Following the celebration, two ship's cooks wandered off into the forest to explore, where they became lost and were not found until July 12 by a search team that included Nisqually Indians.

The expedition departed soon after the celebration. By the following year, Richmond had become disenchanted, and he left the area in the summer of 1842. Shortly after his departure, in September 1842, the Mission House burned down. In 1843 Fort Nisqually was moved to a new site.

Monuments and Memorials

In 1906 a Pierce County Pioneer Association committee led an effort to erect a monument for the 65th anniversary of the 1841 celebration. The association found someone who had been at the event, who then took several pioneers to the location he remembered. Ninety-year-old Slugimas Koquilton, a Yakama Indian, identified a spot on Lake Sequalitchew along a county road. The site was on the land of George Lyon Jr. (1849-1929), of Nelson, Nebraska. He donated to the Washington State Historical Society (WSHS) a tract of his property to house the monument.

Assisting the pioneers and historical society in erecting the monument was the Mary Ball Chapter of the Daughters of the American Revolution (DAR). The monument was constructed of granite, with an inscription recalling the 1841 celebration. An impressive commemoration was held for the 65th anniversary of the first known Fourth of July observance in the Pacific Northwest, or at least the Puget Sound region. Speakers at the dedication included Washington Governor Albert E. Mead (1861-1913); Stephen B. L. Penrose (1865-1947), president of Whitman College; and Reverend George F. Whitworth (1816-1907), president of the State Pioneer Society.

The monument site became part of the U.S. Army's Camp Lewis in 1917. A century later the monument is located on Vancouver Road in the Lewis North portion of Joint Base Lewis-McChord (JBLM). WSHS retains access to the monument for repairs. In 2011 the Mary Ball Chapter of the DAR restored the monument. The DAR chapter and the state historical society held a rededication ceremony on July 5, 2011.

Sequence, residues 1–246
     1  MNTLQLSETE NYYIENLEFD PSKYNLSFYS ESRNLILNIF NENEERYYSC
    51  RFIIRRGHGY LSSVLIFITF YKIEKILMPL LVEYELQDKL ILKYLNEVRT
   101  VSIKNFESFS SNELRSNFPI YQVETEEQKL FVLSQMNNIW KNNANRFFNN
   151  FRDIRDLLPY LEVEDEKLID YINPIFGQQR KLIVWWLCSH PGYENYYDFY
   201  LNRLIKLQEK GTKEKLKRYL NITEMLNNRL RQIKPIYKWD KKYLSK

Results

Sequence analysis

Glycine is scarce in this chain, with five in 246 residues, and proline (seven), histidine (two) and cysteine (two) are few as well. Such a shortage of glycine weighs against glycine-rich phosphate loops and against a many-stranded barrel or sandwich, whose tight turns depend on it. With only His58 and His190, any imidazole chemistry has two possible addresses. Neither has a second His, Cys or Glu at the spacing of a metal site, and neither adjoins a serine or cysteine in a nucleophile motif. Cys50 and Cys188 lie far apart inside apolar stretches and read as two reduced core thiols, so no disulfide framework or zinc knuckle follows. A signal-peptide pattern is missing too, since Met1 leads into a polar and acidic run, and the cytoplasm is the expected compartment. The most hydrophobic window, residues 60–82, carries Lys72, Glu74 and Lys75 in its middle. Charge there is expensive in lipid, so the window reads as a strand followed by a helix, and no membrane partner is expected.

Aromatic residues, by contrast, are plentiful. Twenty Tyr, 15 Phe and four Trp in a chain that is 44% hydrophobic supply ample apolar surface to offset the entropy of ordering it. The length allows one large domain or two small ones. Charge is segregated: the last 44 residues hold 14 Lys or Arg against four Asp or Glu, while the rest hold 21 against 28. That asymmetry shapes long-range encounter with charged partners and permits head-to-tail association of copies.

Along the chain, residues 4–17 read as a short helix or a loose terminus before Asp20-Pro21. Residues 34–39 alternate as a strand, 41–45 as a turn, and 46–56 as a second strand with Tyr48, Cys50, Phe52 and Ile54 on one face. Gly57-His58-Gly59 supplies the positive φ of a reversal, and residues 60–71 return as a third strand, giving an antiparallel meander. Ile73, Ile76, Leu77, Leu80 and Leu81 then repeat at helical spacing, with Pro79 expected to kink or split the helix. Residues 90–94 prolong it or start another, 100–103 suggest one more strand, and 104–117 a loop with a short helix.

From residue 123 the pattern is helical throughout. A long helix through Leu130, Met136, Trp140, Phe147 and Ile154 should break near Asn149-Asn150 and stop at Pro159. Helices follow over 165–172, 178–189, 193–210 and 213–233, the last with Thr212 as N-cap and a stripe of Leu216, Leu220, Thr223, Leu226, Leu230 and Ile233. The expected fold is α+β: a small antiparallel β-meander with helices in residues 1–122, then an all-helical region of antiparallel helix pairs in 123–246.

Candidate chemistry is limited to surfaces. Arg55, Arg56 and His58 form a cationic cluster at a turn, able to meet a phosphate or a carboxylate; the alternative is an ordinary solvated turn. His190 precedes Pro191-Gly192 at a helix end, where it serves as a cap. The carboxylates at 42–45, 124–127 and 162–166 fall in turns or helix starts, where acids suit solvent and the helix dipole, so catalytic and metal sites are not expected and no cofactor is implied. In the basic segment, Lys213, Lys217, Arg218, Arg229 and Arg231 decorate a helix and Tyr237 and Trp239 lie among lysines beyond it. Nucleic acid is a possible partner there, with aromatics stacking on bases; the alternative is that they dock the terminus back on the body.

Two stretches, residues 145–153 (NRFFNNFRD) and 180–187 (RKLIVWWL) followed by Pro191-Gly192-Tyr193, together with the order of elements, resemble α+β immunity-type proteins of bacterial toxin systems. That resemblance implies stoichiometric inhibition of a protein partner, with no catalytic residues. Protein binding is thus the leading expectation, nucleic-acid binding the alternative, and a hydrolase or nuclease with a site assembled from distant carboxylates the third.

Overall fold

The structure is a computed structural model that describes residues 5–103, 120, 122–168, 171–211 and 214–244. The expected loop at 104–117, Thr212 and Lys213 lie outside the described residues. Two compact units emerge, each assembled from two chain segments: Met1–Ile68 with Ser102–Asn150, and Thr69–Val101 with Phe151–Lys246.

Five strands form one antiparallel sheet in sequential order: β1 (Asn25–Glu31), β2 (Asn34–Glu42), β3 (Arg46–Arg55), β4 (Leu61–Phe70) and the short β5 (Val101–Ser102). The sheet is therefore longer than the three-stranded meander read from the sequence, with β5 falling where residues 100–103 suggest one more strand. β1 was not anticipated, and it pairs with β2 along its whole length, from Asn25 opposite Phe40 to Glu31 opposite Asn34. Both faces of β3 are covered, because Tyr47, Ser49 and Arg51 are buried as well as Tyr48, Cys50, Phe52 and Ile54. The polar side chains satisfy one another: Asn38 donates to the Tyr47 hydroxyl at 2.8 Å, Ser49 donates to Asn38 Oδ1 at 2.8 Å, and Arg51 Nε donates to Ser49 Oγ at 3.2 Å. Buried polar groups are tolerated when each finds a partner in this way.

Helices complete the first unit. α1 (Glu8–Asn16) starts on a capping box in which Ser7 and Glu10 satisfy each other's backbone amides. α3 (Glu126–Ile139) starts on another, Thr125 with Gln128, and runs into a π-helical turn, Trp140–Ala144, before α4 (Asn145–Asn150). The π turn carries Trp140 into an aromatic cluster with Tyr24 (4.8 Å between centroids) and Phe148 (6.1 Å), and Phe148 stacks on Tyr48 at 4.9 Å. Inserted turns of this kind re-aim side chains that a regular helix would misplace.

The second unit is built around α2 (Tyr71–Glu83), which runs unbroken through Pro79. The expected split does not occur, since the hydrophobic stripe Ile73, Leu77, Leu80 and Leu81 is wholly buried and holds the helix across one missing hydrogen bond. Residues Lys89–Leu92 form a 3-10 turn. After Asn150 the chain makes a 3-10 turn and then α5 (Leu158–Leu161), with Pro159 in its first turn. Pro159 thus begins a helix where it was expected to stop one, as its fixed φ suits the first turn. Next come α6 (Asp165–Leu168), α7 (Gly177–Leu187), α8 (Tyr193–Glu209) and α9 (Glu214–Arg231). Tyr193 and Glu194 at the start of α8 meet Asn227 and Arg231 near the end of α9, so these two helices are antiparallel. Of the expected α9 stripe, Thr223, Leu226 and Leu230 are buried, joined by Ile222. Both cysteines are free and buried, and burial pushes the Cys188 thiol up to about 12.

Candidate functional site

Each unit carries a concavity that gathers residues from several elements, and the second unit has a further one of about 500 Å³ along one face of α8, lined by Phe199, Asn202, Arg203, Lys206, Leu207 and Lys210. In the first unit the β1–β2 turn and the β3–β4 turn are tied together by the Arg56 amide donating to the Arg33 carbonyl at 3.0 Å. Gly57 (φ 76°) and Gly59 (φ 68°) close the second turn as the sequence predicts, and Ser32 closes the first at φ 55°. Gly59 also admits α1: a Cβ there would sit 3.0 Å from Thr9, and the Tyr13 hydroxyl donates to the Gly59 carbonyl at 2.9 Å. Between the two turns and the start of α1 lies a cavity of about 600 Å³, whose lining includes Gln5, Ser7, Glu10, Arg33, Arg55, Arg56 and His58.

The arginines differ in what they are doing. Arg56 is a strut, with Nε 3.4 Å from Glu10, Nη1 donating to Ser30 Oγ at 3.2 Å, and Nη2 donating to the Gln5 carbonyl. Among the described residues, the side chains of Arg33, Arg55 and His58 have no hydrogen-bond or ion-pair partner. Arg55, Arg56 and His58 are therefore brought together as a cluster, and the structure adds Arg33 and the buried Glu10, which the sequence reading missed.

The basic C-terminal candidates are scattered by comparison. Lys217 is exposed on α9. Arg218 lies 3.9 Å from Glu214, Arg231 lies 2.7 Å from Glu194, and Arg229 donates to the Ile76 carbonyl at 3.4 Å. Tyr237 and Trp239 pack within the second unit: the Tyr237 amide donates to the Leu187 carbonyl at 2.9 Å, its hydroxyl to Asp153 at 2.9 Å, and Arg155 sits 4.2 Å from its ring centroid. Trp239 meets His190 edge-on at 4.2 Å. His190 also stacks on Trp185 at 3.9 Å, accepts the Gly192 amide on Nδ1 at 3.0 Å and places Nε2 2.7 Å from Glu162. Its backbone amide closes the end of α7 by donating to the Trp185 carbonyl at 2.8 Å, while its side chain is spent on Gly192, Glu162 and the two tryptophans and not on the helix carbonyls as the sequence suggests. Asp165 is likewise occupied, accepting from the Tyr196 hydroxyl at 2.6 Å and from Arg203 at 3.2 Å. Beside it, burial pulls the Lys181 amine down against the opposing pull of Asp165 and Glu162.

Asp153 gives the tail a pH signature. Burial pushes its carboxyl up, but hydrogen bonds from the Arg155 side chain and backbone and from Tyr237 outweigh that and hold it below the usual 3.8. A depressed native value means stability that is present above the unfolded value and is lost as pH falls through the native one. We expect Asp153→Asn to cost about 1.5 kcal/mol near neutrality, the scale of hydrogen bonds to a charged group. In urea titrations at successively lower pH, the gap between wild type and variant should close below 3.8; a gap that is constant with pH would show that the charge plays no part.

Mistakes and Misrememberings

In 1921, Ezra Meeker (1830-1928), a well-known Washington pioneer who arrived via the Oregon Trail just a decade after the Wilkes Expedition celebration, asserted that the monument was in the wrong location. His argument was that first-person accounts from participants at the event place it in the DuPont area. Published accounts of known attendees, such as Lieutenant Wilkes's 1856 narrative, seaman Joseph G. Clark's 1848 memoir, and midshipman Charles Erskine's 1896 telling all agreed in location, referencing what would later become the city of DuPont.

This location was almost four miles from the Joint Base Lewis-McChord monument site. The firsthand accounts record the Wilkes crew at the Wilkes Observatory, Nisqually Mission, Fort Nisqually, and Mission Prairie. In 1841 this was the only part of the area to have been developed by the non-Indian newcomers. No mention is made in any account of a four-mile hike to Lake Sequalitchew.

Markers were placed in DuPont at or near the actual location of the first Fourth of July celebration. The DuPont Powder Works Company (E.I. DuPont de Nemours and Company) installed plaques on concrete bases identifying the Wilkes Observatory, the Mission House and Fourth of July celebration location, and the 1833 Fort Nisqually site. When the DuPont Powder Works plant was in operation access was limited. When DuPont Powder Works closed in 1976, the historic sites became more accessible.

Visiting Wilkes Sites